Judge in Dennis Hastert case delays ruling on hush-money lawsuit

SHARE Judge in Dennis Hastert case delays ruling on hush-money lawsuit

Former House Speaker Dennis Hastert departs the federal courthouse on April 27 in Chicago, after his sentencing on federal banking charges which he pled guilty to last year. Hastert was sentenced to more than a year in prison in the hush-money case | AP photo

A judge in Yorkville has said he will rule next month on whether the town’s onetime favorite son, former House Speaker Dennis Hastert, will have to face a breach-of-contract lawsuit seeking to collect the balance of the $3.5 million Hastert agreed to pay to buy the silence of a man whom Hastert sexually abused decades ago.

Hastert, who is serving a 15-month sentence at a Minnesota federal prison for financial crimes related to making the hush money payments, was not in the Kendall County courtroom Friday as Judge Robert Pilmer heard arguments on a motion by Hastert’s lawyers seeking to have the lawsuit thrown out. Also absent was Hastert’s victim, named in the lawsuit as John Doe, and identified in Hastert’s criminal case as Individual A.

Kendall County Judge Robert Pilmer | Jim Wyman/WSPY Radio

Kendall County Judge Robert Pilmer | Jim Wyman/WSPY Radio

Hastert’s lawyer, John Ellis, argued that the deal was invalid to begin with. But if the judge finds otherwise, it was certainly breached when the victim answered questions from the FBI and federal prosecutors, who were investigating a series of large bank withdrawals that Hastert made to hand over the cash to Doe. In total, Hastert paid out $1.7 million from 2010 to 2014, most made in payments slightly less than the $10,000 that triggers an alert to banking regulators.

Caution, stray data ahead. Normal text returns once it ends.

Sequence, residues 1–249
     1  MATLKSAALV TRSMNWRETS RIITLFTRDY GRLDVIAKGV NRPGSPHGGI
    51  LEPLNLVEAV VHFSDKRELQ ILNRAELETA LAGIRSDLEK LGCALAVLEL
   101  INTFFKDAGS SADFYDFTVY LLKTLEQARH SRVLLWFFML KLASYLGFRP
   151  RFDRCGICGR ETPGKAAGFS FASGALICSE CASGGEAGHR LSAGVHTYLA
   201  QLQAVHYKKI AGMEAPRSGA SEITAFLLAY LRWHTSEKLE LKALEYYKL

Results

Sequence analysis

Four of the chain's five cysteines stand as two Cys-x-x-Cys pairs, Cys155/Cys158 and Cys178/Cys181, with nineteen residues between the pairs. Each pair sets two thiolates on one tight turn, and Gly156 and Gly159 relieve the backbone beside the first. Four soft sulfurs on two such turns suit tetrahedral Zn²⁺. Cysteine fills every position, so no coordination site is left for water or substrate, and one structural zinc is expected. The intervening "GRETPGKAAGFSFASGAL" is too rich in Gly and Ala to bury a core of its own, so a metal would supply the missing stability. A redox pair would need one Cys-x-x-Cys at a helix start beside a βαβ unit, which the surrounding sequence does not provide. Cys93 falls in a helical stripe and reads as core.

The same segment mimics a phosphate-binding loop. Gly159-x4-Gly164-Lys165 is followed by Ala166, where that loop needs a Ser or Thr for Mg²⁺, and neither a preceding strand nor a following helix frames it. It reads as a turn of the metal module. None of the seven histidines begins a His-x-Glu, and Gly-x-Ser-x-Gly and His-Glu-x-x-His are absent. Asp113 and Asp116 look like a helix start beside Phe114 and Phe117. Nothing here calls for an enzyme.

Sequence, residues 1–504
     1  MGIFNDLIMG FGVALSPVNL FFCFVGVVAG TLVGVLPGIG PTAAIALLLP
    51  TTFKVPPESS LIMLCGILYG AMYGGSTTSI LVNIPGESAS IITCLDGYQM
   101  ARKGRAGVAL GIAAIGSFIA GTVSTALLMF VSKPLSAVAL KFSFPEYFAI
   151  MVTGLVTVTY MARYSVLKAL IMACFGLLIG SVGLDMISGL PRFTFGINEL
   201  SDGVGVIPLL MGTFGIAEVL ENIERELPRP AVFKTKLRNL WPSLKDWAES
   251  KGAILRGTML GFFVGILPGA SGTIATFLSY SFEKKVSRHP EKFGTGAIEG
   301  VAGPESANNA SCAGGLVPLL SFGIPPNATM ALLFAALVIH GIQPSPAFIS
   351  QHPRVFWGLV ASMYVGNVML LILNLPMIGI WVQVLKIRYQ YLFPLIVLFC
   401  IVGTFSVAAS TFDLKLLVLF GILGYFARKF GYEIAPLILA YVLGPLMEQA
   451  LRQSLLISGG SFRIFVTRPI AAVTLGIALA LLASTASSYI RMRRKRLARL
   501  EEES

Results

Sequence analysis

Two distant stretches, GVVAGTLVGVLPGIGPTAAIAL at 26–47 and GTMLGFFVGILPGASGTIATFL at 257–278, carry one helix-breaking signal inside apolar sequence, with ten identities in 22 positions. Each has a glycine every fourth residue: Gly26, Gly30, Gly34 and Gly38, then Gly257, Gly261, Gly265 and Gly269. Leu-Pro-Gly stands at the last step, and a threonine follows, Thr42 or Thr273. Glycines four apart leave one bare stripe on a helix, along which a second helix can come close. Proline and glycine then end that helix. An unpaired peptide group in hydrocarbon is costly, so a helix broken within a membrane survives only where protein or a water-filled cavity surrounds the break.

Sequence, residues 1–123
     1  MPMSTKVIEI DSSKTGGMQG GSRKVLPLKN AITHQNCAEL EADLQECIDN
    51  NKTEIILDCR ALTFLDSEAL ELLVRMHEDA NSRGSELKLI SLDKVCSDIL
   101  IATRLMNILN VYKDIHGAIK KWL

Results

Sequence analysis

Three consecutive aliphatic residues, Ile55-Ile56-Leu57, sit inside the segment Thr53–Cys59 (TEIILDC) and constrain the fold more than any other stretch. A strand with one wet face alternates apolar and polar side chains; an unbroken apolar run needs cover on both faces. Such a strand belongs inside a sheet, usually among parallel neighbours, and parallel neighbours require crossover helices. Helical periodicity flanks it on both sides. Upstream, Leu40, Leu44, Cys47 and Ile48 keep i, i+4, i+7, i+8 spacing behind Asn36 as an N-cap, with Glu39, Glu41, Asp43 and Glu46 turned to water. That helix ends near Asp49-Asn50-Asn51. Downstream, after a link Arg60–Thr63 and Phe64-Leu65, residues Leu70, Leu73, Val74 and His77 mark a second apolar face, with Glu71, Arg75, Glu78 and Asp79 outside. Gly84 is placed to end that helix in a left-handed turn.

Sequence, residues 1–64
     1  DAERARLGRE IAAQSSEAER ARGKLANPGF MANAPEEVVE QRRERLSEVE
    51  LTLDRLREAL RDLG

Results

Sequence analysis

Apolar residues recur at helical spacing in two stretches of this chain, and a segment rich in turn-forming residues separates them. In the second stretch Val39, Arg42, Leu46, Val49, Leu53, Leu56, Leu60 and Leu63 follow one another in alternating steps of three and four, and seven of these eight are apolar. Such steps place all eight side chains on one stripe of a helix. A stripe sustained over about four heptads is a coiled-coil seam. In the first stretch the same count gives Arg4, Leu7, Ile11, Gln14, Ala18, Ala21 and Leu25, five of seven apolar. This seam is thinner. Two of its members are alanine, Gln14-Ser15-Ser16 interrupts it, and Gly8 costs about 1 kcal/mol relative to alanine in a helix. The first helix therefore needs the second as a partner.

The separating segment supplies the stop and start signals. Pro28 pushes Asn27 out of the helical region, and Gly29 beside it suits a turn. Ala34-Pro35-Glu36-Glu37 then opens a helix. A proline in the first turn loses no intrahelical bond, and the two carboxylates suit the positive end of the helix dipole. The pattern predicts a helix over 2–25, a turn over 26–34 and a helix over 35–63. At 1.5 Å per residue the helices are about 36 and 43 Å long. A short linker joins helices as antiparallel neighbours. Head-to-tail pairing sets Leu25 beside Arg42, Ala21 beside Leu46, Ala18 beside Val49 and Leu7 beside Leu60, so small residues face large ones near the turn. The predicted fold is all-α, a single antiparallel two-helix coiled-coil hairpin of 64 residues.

Kristi Browne, the lawyer for the victim, countered that her client had to answer questions from federal investigators after Hastert told the FBI that Doe was blackmailing him.

“It actually was Mr. Hastert who initially disclosed the contract,” Browne said. “My client didn’t disclose anything until the FBI and the U.S. Attorney’s Office then approached him, and then, y’know, he was under a legal obligation to answer the questions.”

Browne said her client was not extorting Hastert but approached the former House speaker in 2010 seeking compensation for the trauma he’d suffered in the decades since Hastert assaulted him when the man, now middle-aged, was a teenager on the Yorkville wrestling team.

“It’s definitely not extortion in this case. Both the FBI and the U.S. Attorneys’ Office have determined that its not,” Browne said.

“Mr. Hastert still owes my client $1.8 million dollars under the terms of this agreement. He agreed to pay him $3.5 million dollars and he hasn’t done that.”

Hastert quit his teaching job when he took a spot in the state legislature, then went on to become the longest-serving Republican Speaker of the House. Hastert resigned from Congress in 2007 and began a lucrative career as a lobbyist.

Hastert pleaded guilty to federal charges of structuring financial transaction to hide money he was paying to Doe. At his sentencing hearing last spring, Hastert admitted to molesting several former students, including Scott Cross, the brother of Illinois House minority leader Tom Cross, who testified at the sentencing hearing. Doe did not testify at Hastert’s sentencing and has refused media requests for interviews.

Pilmer said he would issue his ruling before the next scheduled hearing in the case, set for Nov. 29.

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